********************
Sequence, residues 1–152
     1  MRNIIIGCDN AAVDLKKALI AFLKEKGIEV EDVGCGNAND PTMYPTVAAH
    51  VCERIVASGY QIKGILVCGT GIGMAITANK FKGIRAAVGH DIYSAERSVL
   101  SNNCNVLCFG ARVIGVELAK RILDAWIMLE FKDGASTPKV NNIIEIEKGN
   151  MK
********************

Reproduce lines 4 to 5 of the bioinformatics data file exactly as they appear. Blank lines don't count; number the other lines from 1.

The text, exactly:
   101  SNNCNVLCFG ARVIGVELAK RILDAWIMLE FKDGASTPKV NNIIEIEKGN
   151  MK